What’s next for the Kyby phone tower?

Kybybolite residents have been assured that they will receive a mobile phone tower, but the question now is when.

After the Federal Budget 2018-19 was released on May 8 it was revealed that there was no funding allocated to the Mobile Black Spot Program.

This caused some concern for Kyby residents, including Andrew Shepherd, the Chair of the Kybybolite Action Group.

Mr Shepherd has spoken with Federal Minister for Barker Tony Pasin about the issue, and Mr Pasin assured Mr Shepherd that the Kybybolite tower was still on track to be built at the end of the year.

The Mobile Black Spot Program was not funded in the Budget as it is currently undergoing a review, and Mr Pasin has stated on ABC radio that the government wants to “get it right” when it comes to mobile coverage.

The 2018 Regional Telecommunications Review commenced on April 30.

But when Mr Shepherd spoke with Mark Bolton, who is Telstra’s Area General Manager for South Australia, Mr Bolton said that the process may be delayed for another six months, as the tower will be built at the end of the 2018/2019 financial year. 

“It’s like the government tells me one thing, and then Telstra tells me another,” Mr Shepherd said.

“I just hope that they can work it out, and put the people first.”

Issues regarding little to no mobile coverage at Kybybolite have been present for a number of years, with the Kybybolite Action Group being formed approximately 6 or 7 years ago.

Mr Shepherd had a personal reason for becoming involved, as his son was involved in a quad bike accident when he was 10 years old.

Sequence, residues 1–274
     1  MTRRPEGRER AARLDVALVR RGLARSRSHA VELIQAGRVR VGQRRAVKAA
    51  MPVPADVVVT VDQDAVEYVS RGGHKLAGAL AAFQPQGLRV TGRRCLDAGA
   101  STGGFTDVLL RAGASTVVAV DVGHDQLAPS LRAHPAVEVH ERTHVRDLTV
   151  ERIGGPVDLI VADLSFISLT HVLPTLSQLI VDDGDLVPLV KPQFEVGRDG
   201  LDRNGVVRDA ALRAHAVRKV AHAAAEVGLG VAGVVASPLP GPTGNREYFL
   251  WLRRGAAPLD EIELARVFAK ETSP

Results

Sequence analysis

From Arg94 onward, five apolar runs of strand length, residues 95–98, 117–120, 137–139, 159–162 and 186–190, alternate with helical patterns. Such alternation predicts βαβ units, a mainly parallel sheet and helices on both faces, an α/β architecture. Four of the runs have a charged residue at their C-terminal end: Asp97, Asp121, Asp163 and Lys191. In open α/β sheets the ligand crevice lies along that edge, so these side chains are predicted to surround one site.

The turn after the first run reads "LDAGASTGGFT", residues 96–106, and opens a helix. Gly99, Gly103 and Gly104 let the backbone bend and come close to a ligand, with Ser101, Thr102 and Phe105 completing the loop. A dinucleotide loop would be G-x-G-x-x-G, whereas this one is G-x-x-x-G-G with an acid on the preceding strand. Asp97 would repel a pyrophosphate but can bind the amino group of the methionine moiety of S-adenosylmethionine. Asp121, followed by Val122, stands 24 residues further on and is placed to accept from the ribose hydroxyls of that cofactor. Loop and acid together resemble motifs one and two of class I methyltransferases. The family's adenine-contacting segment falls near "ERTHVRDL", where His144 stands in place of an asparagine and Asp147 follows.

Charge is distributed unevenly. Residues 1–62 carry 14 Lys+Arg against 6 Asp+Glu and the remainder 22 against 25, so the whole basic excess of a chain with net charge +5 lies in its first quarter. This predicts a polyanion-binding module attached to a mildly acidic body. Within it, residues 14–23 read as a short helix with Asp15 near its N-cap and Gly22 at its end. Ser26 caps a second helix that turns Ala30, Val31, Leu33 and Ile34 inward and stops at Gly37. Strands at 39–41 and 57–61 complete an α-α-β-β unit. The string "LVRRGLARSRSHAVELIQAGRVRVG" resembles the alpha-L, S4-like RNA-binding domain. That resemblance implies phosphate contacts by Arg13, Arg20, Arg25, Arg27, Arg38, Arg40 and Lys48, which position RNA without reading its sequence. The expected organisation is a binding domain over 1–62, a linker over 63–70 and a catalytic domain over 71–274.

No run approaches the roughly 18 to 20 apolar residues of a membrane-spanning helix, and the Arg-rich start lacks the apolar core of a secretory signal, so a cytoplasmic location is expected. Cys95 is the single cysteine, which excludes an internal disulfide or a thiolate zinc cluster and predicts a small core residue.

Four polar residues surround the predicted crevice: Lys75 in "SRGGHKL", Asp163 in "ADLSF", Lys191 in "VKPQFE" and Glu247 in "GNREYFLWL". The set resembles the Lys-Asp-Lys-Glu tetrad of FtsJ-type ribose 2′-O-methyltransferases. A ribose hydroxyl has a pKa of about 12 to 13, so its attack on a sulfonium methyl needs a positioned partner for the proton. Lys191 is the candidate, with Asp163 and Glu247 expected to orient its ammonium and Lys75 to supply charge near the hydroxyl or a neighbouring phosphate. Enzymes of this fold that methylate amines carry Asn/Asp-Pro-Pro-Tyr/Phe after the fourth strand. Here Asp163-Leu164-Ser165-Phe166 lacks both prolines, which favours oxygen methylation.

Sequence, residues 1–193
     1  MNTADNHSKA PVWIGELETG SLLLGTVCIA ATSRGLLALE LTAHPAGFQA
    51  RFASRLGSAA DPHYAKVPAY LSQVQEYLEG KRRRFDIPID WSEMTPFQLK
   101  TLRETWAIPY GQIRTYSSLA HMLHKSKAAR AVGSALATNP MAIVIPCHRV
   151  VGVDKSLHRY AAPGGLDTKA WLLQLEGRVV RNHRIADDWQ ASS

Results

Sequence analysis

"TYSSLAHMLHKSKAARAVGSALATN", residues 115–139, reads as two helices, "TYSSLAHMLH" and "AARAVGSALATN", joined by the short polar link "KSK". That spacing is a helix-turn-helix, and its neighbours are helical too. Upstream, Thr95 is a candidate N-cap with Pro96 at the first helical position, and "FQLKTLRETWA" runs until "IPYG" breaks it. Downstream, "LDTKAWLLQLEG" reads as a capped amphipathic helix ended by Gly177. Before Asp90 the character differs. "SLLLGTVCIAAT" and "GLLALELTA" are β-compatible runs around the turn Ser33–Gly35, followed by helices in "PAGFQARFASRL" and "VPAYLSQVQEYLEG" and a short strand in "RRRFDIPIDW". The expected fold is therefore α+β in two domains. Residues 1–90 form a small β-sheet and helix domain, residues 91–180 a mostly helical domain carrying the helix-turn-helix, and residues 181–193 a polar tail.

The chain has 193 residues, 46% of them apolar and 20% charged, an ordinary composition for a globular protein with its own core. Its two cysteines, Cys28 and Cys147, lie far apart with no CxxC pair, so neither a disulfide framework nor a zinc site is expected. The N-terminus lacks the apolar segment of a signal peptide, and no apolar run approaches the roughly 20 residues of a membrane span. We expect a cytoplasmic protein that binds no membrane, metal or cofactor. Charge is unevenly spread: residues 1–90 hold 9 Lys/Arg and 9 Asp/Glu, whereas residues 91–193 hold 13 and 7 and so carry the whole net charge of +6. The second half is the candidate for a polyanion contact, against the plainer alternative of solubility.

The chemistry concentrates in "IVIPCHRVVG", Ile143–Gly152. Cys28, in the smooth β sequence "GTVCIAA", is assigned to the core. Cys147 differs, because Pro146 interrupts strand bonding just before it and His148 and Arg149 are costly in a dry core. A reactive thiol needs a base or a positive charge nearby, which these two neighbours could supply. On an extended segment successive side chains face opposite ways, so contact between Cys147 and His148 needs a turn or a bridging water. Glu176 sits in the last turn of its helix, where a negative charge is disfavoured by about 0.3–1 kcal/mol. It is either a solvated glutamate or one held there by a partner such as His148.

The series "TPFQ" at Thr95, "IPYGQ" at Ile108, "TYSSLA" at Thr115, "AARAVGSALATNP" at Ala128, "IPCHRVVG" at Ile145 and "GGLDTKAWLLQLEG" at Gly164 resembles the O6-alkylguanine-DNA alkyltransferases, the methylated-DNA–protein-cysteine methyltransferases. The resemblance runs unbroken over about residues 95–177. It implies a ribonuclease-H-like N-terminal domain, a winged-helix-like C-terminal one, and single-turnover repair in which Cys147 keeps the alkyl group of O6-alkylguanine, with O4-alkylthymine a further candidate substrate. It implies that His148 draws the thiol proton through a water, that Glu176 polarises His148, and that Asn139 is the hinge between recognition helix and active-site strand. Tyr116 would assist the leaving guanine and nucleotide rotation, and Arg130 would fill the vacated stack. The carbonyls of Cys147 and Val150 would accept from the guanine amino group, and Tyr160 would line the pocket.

Luckily Mr Shepherd was nearby, but he couldn’t call an ambulance whilst being in the fields, away from the house. Mr Shepherd had to make the decision whether to leave his son and call an ambulance at the house, or to pick up his son, put him in the ute, and call 000 at the house.

The younger Shepherd turned out to have some broken ribs and had to be flown to Adelaide.

All farmers are aware of the dangers of having no mobile coverage when working, with Mr Shepherd calling the situation a matter of “life or death”. 

There’s even health and safety concerns when a footy match is held at Kyby oval. As Mr Shepherd explained, Kybybolite is the only club in the KNTFL without a mobile signal. If there’s an accident during training or a match, it would be a struggle to seek medical assistance.

What makes the limited mobile reception near the sports club and township more frustrating is that the NBN tower was almost built right next to the sports club.

According to Mr Shepherd, the tower was going to go ahead and be built beside the oval, however plans changed without the community being notified.

It was only when a concerned farmer saw that work was happening at another site that Mr Shepherd went to investigate. He was told by NBN that they were building towers outside of townships after there had been complaints – made from those outside the region - of the towers being “eyesores”.

“I was gobsmacked,” Mr Shepherd said.

“They didn’t consult anyone in our community, nothing. They were just concerned with getting the tower up as quickly as possible.”

The NBN tower has been shifted to the outskirts of town, near a gully and a decrepit farmhouse. Mr Shepherd worries that this will make it harder for farmers and other residents who live on properties to have proper internet and phone access.

As well as a safety issue, it’s also an economic issue. Farmers need to be on the grid to run their businesses, with some investing in ‘booster packs’ for their homes or vehicles to have improved coverage.

The Kybybolite NBN tower was installed circa 2014, and the Kybybolite phone tower was promised in 2016. In 2018 Kybybolite and Kalangadoo phone towers were funded in the Priority Location Round of the Mobile Black Spot Program, with Telstra given the telecommunications tender.